.....Advertisement.....
.....Advertisement.....

Today's News

  • Weed-killing chemicals among issues

    A meeting of the Watts Bar Ecology and Fishery Council at the Rockwood Community Center this week turned into a debate among residents over the non-native weed eradication effort.

    Residents have publicly expressed concerns about the use of herbicide to treat areas near the Rockwood water inlet.

    Council Chairman Tim Joseph began the meeting with a discussion on the definition of and potential dangers of invasive species in the lake system.

  • HUB buys bank bldg.

    From staff reports

    Harriman Utility Board has purchased the property known as the Regions Bank building at 200 N. Roane St., adjacent to the current HUB main office building.

    “Our current building was constructed in the early 1950s, with a later addition, and is in need of major renovations,” said HUB Manager Bill Young. “We became aware that the Regions building was for sale, and that the bank was beginning construction on a new facility in the Midtown area.”

  • Lots to blame for ash illness, death

    Jacobs Engineering Group isn’t planning to go down alone.

    Attorneys for the contractor contend others also bear responsibility for the alleged injuries sustained by people who worked at TVA’s Kingston Fossil Plant during the ash spill cleanup.

    The workers are suing Jacobs for damages in federal court.

    “We’ve got over 30 people that have died, over 30 cancer cases,” said attorney Jim Scott, who represents some of the workers. “The volume of disease and death is sickening.”

  • INSIDE the First AMENDMENT: ‘Freedom’ is the best response

    By Gene Policinski

    Let them march in Charlottesville. Let them speak.

    Hate-propagating neo-Nazis and bottom-dwelling white supremacists — the dregs of our open society — have and should have First Amendment rights to speak and march in public.

    We need to see them for what they are: a disappointing collection of the disaffected; some parading around in silly costumes, often ignorant of the real meaning and history of the symbols they display, carrying torches meant as much to intimidate as to illuminate.

  • GOING with the FLO: What happened to honor and respect in our country?

    It bears repeating that God’s Word in Romans 13:1, says, “Let every soul be subject to the higher powers (Human Government). For there is no power but of God (God has ordained Government): the powers that be are ordained of God.”

    In verse 2: “Whosoever therefore resists the power, resists the Ordinance of God. (Anarchy is not of God).”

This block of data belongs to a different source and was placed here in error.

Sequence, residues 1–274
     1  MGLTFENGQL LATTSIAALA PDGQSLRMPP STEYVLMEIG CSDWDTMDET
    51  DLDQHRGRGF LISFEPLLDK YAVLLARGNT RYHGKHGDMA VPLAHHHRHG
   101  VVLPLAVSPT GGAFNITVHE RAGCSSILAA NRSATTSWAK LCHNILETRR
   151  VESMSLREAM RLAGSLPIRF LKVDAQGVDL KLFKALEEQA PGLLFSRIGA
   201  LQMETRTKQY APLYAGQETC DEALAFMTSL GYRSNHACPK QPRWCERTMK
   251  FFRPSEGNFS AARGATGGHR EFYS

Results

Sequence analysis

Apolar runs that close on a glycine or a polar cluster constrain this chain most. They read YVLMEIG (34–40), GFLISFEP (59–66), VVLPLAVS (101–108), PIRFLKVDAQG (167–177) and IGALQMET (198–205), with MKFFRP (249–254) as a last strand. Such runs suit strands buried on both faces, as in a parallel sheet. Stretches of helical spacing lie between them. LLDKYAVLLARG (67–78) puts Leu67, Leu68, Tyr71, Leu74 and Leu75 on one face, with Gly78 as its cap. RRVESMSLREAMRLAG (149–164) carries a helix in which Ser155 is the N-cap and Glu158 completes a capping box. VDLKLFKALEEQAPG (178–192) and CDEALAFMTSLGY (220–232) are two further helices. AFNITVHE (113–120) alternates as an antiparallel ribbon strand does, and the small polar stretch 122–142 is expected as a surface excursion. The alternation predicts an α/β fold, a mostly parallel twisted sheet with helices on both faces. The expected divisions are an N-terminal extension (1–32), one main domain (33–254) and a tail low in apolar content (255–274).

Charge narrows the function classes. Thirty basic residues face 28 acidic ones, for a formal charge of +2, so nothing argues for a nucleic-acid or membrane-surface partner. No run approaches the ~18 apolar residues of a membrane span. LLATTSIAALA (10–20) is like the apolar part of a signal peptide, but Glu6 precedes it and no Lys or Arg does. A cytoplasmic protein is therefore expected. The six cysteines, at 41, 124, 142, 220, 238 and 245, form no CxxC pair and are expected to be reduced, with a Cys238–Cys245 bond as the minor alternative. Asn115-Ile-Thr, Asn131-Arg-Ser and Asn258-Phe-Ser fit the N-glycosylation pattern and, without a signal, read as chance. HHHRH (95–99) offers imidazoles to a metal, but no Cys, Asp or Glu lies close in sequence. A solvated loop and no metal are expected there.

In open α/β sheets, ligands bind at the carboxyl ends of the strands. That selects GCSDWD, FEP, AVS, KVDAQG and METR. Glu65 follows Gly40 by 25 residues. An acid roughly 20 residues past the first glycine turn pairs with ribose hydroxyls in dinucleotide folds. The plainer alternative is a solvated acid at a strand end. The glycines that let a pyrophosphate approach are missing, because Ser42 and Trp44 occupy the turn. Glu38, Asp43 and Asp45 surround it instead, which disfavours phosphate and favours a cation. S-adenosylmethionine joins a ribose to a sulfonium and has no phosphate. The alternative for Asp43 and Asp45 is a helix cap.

• A VIEW from LICK SKILLET: R.E. Lee, “le chevalier sans peur et sans reproche”

    Gentle reader, recall that this column is written early in the week, so a whole heap of things could have happened betwixt its composition and its circulation, but we think the observations contained herein will still be valid, if dated.

    * * *

    The Continuing controversy over generals from the south, especially the recent imbroglio in Charlottesville, Virginia, has produced the usual harvest of witless commentary: One that irritated the old curmudgeon was from a commentator on NPR who described General Robert E. Lee as a “leader of the Confederacy”.

  • Senior bowlers keep on rolling big

    SENIOR BOWLERS

    August 11

    1st High Game------ Faye Langley, Rick Alderfer--407

    2nd High Game----Faye Langley, Rick Alderfer--429

    3rd High Game ----Stuart Brown ( Solo)---474

    High Scores today—Carolyn McGill-201 game, David Dawson –231 game- Rick Alderfer-223,227, games, 627 Series

    High Series today---- Faye Langley, Rick Alderfer---1223

    High Series For July------- Don Eiler, Rick Alderfer--1303

    High Averages---------Loretta Carrington 160, Dean Griffin---190

  • Final warmup for Lady Blue Devils
  • Lady Jackets ousted in opener
  • GLIMPSES: Hindsight often blinding, too

    By MARK BANKER

    Residents of Roane County in 2017 who face the challenge of funding a public-school system for our posterity without bankrupting ourselves should be mindful of an old proverb: “The nearer the past, the more uncertain its lessons.”

    While we have a long past to learn from, many of us personally experienced the history most relevant to our current school debate. I, for example, attended public schools in Kingston from 1957-69.